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  • Tobacco company pays $5M in groundbreaking case

    Sun, Dec 12, 2010

    Oral Cancer News

    Source: www.ctlawtribune.com
    Author: Thomas B. Scheffey

    Kelly June Hill, Executrix, et al. v. U.S. Smokeless Tobacco: The Altria Group, successor to tobacco marketer United States Smokeless Tobacco of Greenwich, has settled for $5 million a lawsuit filed by the estate of a North Carolina man who died of tongue cancer.

    The worker, Bobby Hill, initially went to an Ashville, N.C., lawyer, who referred his case to Bridgeport’s Koskoff, Koskoff & Bieder. Partners Antonio Ponvert III and Christopher Bernard launched a state court wrongful death action in Connecticut.

    From the beginning, Ponvert said, Hill and his family wanted to draw attention to the danger of “dipping snuff” and to discourage youngsters from starting its addictive use.

    “It’s the first time a plaintiff has won a wrongful death chewing tobacco verdict or settlement in the history of the industry,” said Ponvert. Altria, based in Richmond, Va., also owns Philip Morris, and has a corporate policy of not settling any individual consumer cases, he added.

    Altria Group spokesman Steve Callahan said, “U.S. Smokeless Tobacco is honoring an agreement it made in this case prior to its acquisition by Altria….We have no current intention to settle cases like this in the future.”

    Historically, the tobacco industry has fiercely defended itself in the courts. And for decades, it denied that tobacco is addictive or a health risk. More recently, it has maintained that people know the risks of tobacco and they should take personal responsibility if they use it.

    In the industry, a no-settlement rule is standard.

    But Bobby Hill, said Ponvert, “was an almost ideal client. Bobby Hill was 13 years old when he started using. He became addicted to this product when he was a child, long before warning labels were put on [packages] in 1987.” That fact, Ponvert said, “destroyed any personal responsibility-type defense that the industry likes to use.”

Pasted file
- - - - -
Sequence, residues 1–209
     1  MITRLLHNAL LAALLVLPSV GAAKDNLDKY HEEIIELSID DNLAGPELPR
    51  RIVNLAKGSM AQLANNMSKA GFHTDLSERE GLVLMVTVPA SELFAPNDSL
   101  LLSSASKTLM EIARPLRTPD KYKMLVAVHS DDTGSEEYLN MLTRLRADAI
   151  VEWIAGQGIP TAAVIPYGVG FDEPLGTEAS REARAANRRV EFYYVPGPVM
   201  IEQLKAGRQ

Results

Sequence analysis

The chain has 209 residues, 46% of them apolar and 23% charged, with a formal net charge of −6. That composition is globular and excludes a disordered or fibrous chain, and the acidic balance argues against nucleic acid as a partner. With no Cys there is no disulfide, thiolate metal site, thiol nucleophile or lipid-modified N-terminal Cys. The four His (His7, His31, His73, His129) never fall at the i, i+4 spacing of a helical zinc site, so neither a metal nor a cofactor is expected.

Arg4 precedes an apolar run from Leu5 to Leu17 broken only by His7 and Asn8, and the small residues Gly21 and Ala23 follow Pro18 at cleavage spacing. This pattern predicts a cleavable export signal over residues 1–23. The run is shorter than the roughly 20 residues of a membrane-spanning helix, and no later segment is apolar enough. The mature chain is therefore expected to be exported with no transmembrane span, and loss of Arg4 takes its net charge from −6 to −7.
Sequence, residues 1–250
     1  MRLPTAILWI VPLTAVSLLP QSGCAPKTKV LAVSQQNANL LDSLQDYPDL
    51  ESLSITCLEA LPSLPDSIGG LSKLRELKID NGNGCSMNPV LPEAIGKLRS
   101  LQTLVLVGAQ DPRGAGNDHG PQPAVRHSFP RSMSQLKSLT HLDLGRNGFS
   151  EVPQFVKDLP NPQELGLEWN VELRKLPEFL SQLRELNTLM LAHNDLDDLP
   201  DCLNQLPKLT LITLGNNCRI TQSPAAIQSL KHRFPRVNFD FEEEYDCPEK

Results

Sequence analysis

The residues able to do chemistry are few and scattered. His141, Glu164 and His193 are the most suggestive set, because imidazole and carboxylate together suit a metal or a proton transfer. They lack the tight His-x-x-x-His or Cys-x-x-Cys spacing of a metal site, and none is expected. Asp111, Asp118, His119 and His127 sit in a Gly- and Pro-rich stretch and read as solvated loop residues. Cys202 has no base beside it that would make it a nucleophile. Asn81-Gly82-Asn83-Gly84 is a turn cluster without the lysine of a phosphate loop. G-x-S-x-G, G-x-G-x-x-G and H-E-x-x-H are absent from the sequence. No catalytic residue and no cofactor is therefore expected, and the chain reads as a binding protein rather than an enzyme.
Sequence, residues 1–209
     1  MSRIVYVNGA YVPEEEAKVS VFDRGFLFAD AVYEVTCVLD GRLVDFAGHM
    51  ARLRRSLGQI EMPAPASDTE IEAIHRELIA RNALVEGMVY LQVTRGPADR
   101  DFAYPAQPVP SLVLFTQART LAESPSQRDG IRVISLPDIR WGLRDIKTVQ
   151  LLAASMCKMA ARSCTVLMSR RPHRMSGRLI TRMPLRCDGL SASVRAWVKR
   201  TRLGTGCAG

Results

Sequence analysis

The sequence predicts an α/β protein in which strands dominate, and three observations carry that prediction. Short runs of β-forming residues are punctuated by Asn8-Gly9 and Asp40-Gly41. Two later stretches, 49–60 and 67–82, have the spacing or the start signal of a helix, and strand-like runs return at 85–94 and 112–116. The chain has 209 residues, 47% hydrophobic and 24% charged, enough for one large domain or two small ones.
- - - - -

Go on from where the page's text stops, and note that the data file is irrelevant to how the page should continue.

The defendant retained five defense firms, including New York-based Skadden, Arps, Slate, Meagher & Flohm, and Winston & Strawn, with local counsel duties handled by Wiggin and Dana, in New Haven.

    Attorney David S. Golub, of Stamford’s Silver, Golub & Teitel, has handled other lawsuits against the tobacco industry, and was clearly impressed by the Altria settlement.

    “This is unprecedented and amazing. There has never been, to my knowledge, a time when a tobacco company has settled a case. It’s fabulous lawyering, and a wonderful result,” Golub told the Law Tribune. “Every tobacco company fights tooth and nail, because they’re afraid that if they settle one case, they can never again say they won’t settle. This is groundbreaking.”

    Smokeless tobacco, or snuff, comes in small cans and is sold under brand names such as Skoal or Copenhagen. It comes in a variety of “cuts,” which describe the lengths of the tobacco strands. The tobacco sits between the user’s cheek and gum. It’s different from chewing tobacco, which is a much longer cut that is literally chewed.

    One previous snuff case has gone to trial. An Oklahoma plaintiff, Sean Marsee, contracted mouth cancer in the late 1980s after five years of chewing tobacco use, and USST medical experts testified that tumors caused by “dipping snuff” took 20 years to develop. The suit seeking $147 million resulted in a defense verdict for USST.

    “Bobby Hill used for 20 years, so we would have been able to use their experts in the Marsee case against them here,” said Ponvert.